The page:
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Anne Boleyn at the Globe

I am having a summer of Tudors. I have had many such summers as I have studied these over a period of 11 years, but I even when I spent a year studying their popular depictions, I have never seen so many plays on Elizabeth I and Anne Boleyn in a few months.

I have just seen the production at the neo-Elizabethan Shakespeare’s Globe Theatre, London, on its opening weekend – a new play which sold out last year, as was the performance to which I went.

In his introduction to his script, playwright Howard Brenton quotes the views of historians David Starkey and Antonia Fraser, reflecting the likely opinion of the public. He does not mention Prof Eric Ives and Joanna Denny whose prominent books depict a very much more positive Anne. Joanna especially – as does Karen Lindsey – writes of the systematic demonisation of Anne’s character. All three remind that our few historical contemporary sources are chiefly Anne’s enemies, none of whom featured in Brenton’s play. Books – both novels and academic – have been ahead by 30 years in showing Anne as a national heroine, but stage and screen still cast Anne as the ambitious, hard siren. Philippa Gregory’s 2002 novel and ensuing films have done much to reverse this positive literary view, which has become in vogue again with most recent publications.

Brenton’s 2010 play promised a view closer to the one I adopted: the Reformist queen, as Joanna Denny calls her: ‘Esther not Jezebel’ – a title I borrowed for my 2006 dissertation. American author Robin Maxwell had Queen Elizabeth reading her mother’s words in her novel The Secret Diary of Anne Boleyn; Howard Brenton has King Authorised Bible James reading Anne’s annotated Christian book and realising his connection to the fallen queen of two generations ago who suffered the same fate as his mother. (I never use the phrase that the blurb does – his debt. As you’ll see from my Justice in Banking blog on this site, I have strong views against debt culture). Note too that being executed does not denote failure, but rather a brutal signal of mission accomplished.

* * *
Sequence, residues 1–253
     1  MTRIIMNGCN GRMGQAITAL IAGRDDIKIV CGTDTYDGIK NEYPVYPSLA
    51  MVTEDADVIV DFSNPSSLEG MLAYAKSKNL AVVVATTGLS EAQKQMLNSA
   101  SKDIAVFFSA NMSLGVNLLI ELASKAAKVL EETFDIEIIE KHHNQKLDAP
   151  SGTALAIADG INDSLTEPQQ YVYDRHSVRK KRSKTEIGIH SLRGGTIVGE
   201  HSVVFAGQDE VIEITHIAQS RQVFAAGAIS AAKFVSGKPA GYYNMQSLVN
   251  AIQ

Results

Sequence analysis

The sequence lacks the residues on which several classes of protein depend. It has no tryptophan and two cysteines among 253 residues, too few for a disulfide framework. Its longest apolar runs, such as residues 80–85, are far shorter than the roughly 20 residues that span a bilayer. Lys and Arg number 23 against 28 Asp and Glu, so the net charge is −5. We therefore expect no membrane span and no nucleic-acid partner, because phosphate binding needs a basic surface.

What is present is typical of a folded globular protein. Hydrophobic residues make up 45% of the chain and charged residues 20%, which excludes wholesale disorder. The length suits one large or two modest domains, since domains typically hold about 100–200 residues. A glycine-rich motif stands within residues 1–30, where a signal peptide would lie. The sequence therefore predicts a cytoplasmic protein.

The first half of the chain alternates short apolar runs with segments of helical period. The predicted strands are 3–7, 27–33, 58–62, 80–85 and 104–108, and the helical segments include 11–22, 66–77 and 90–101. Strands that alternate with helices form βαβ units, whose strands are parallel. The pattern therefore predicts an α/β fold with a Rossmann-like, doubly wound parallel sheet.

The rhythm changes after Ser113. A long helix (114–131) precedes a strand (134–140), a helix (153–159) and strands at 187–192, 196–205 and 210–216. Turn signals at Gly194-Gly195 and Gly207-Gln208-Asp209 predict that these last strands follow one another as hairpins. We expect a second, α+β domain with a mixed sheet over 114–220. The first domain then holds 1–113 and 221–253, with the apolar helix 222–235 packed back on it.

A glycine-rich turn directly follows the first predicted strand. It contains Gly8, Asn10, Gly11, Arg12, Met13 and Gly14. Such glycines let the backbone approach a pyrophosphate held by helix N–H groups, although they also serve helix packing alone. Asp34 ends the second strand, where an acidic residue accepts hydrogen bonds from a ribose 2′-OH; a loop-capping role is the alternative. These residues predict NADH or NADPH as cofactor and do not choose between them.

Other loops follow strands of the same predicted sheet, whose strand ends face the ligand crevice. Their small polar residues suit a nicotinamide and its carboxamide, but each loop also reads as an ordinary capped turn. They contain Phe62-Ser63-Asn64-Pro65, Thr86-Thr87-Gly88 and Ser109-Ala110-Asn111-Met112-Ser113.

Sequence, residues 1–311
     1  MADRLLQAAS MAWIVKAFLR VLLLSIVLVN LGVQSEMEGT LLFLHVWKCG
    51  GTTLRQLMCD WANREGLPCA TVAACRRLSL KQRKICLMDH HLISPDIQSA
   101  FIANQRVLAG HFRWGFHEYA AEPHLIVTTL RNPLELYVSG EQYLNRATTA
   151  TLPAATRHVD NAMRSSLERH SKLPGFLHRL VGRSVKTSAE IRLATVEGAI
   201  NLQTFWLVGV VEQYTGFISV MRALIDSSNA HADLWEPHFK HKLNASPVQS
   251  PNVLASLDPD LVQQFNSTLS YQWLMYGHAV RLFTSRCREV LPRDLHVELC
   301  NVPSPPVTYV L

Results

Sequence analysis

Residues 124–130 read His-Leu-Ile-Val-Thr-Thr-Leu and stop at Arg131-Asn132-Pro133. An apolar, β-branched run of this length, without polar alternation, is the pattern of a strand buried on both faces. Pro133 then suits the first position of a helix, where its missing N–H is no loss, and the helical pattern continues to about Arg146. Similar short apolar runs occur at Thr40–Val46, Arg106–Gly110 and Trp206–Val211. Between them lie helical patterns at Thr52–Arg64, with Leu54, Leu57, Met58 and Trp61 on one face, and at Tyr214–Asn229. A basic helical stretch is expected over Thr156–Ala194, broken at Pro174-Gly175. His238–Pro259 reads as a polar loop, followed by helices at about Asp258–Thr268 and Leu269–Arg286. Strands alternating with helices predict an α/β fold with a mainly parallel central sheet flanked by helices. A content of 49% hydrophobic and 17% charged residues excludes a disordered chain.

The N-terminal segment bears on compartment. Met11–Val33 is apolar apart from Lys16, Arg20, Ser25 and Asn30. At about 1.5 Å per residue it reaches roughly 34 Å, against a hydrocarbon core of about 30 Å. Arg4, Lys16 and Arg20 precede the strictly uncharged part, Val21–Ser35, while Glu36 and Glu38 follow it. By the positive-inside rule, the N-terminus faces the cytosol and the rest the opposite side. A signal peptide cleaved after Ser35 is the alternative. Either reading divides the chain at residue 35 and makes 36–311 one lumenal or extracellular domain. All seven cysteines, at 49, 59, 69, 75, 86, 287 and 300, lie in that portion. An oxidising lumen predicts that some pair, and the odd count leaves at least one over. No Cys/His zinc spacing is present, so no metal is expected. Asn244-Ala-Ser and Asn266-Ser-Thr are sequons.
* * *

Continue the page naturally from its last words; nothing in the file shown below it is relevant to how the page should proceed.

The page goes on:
I was interested that a play was picking up the religious theme, as often theology is seen as too heavy and dull for entertainment, particularly when we are a multi and often no faith society. But the themes of tolerance and violence and faith recur, and spirituality is again popular though not always in established, orthodox ways. And this 16/7th C period is a seminal one in our history in which the burgeoning of new beliefs is central.

I was drawn to the play because it was written by a man who evidently could see Anne’s merits, significant as I felt anne appealed most to women. But it was Eric Ives in 1986 who said that Anne was an appropriate vehicle for feminism – though few have picked up that gauntlet – and it’s women who have written many of the works which fuel popular imagination that recast her as Jezebel.